Puerto Rican Screech Owl
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Common Name Múcaro
Range archipelago of Puerto Rico
Scientific Classification
Kingdom Animalia
Phylum Chordata
Class Aves
Order Strigiformes
Family Strigidae
Genus Megascops
Species Megascops nudipes
Conservation Status
Least Concern

The Puerto Rican screech owl or Múcaro (Spanish via Taino) (Megascops nudipes), is a species of screech owl endemic of the archipelago of Puerto Rico belonging to the Strigidae family. The subspecies, Megascops nudipes newtoni, which was endemic to the Virgin Islands, was locally referred to as the cuckoo bird.


The nominate form, Megascops nudipes nudipes, was originally described in 1800 by French ornithologist François Marie Daudin in Traite elementaire et complet d'Ornithologie, ou Histoire Naturelle des Oiseaux as Otus nudipes. The species name, nudipes, makes reference to its bare legs and toes which are unusual among Megascops species. The recognized subspecies, Megascops nudipes newtoni, was described in 1860 by Lawrence in the Annals of the Lyceum of Natural History and is considered extinct. Furthermore, the validity of this subspecies has been questioned.


The Puerto Rican screech owl is a small owl possessing a brown upperside, a light-brown to white underside, white brown lines and white eyebrows. Sexual dimorphism is minor in this species with females being slightly larger than males. On average, males weigh 137 g and females 143 g. The species measures from 23 to 25 cm in length.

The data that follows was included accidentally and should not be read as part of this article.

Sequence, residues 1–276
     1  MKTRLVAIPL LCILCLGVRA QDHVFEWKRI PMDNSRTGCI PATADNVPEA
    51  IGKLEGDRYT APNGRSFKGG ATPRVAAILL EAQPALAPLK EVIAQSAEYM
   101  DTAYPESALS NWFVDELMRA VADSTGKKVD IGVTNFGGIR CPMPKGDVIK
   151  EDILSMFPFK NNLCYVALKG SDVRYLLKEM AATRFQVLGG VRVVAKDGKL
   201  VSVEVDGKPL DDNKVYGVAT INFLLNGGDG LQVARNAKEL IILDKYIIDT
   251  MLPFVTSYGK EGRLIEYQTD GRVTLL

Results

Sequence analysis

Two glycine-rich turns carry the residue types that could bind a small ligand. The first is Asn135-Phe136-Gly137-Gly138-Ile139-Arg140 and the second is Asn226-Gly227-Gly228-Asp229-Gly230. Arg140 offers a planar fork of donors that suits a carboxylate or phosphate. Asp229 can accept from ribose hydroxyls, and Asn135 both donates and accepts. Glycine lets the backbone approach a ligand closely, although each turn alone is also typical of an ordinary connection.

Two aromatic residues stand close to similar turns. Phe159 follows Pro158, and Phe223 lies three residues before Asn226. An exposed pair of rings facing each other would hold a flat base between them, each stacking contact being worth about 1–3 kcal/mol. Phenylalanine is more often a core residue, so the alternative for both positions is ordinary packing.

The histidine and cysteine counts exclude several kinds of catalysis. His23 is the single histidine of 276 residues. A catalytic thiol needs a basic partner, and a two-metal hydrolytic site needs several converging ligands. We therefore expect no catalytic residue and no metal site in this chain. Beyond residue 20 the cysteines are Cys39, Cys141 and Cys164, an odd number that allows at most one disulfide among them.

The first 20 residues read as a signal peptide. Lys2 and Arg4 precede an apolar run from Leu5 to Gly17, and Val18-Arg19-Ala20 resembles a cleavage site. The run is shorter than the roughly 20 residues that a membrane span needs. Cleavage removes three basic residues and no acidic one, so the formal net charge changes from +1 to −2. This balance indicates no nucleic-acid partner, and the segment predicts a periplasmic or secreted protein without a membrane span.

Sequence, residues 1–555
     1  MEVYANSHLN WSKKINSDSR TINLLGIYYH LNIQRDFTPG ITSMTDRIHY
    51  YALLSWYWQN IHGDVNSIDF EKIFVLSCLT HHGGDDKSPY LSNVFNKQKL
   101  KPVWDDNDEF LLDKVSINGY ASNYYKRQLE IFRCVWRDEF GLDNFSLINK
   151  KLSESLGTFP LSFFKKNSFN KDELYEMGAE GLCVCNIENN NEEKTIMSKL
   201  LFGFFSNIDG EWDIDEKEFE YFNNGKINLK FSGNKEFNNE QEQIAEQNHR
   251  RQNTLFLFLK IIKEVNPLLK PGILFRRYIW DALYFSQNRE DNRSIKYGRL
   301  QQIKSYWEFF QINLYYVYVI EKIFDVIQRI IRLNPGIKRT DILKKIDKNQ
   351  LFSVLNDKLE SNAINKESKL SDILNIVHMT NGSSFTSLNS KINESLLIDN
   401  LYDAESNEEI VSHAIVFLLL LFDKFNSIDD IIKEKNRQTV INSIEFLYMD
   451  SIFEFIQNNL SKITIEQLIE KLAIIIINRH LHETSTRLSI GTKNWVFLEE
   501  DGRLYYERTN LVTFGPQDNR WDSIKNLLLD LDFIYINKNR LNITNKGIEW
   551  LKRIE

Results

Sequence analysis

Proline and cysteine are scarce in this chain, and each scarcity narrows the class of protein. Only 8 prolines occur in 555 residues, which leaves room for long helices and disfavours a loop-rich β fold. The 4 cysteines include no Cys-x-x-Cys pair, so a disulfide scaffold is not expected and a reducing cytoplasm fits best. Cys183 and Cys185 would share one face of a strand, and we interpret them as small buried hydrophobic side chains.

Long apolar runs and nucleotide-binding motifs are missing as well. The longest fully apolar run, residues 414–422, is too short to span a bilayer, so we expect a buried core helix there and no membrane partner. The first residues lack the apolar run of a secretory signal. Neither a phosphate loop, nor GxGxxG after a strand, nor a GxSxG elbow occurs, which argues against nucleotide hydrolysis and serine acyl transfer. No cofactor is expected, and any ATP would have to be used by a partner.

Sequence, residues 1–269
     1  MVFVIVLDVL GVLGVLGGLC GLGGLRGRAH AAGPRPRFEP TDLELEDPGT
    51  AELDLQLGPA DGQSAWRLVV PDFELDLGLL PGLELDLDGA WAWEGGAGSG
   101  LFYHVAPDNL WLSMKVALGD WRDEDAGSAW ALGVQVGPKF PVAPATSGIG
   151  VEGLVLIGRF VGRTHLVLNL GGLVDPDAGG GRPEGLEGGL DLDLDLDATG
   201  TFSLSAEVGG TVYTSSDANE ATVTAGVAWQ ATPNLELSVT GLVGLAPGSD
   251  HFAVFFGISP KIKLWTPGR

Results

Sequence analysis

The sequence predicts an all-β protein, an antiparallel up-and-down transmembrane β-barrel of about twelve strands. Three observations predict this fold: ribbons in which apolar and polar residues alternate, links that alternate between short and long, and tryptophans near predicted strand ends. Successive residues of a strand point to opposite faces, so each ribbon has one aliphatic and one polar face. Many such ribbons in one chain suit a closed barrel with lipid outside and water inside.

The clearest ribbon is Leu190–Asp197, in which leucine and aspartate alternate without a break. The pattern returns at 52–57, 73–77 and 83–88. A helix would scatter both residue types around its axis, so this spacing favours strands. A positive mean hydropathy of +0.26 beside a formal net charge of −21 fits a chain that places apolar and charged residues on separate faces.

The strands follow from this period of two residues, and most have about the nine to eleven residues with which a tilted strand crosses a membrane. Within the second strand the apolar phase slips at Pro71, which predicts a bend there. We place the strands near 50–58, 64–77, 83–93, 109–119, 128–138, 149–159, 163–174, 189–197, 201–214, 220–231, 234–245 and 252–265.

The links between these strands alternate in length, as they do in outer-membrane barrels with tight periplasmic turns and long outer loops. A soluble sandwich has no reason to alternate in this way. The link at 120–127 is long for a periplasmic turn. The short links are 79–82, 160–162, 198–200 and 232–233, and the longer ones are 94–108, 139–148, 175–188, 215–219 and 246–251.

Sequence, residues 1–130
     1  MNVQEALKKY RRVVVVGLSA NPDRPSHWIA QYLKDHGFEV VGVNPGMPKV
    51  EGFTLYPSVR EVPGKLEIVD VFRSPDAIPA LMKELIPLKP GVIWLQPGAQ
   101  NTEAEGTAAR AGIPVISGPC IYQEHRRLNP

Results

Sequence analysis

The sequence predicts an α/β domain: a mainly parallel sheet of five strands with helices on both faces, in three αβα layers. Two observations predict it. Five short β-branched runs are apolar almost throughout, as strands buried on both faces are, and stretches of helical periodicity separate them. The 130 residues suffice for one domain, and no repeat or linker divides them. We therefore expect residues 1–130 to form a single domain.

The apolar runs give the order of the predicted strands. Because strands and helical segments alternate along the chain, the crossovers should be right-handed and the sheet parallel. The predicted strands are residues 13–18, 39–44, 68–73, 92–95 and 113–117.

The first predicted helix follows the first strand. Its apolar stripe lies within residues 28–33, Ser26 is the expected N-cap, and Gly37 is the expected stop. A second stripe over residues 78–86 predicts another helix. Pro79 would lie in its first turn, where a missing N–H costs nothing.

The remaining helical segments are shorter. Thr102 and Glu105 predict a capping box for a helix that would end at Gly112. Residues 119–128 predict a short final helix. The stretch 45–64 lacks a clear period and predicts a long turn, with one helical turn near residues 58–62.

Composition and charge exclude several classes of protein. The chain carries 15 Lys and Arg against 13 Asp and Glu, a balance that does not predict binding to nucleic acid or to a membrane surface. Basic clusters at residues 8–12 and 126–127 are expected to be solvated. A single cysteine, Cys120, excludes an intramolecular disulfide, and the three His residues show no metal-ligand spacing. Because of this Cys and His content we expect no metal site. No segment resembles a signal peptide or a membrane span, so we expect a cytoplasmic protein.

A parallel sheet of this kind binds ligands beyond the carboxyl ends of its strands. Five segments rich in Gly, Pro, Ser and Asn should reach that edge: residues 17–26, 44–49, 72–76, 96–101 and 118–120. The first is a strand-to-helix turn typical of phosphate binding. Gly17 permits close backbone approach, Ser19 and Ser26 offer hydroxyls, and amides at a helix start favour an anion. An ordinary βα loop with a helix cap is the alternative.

The species is common in the island of Puerto Rico but is extirpated at the nearby islands of Vieques and Culebra. As with the majority of birds in Puerto Rico it is believed to have been more abundant before the clearing of forests for agricultural development in the early 20th century. It inhabits forests with large hollowed trees such as the Caribbean National Forest.

The breeding season spans from April to June. It nests in hollowed trunks and 1 or 2 eggs are deposited in each nest.

The main diet of the species consists of large insects and is complemented with small birds, geckos and small rodents.

The species calls throughout the year while hidden in thick foliage, typically at dawn. The species makes a loud coo-coo call which is the reason for its common name in the Virgin Islands.

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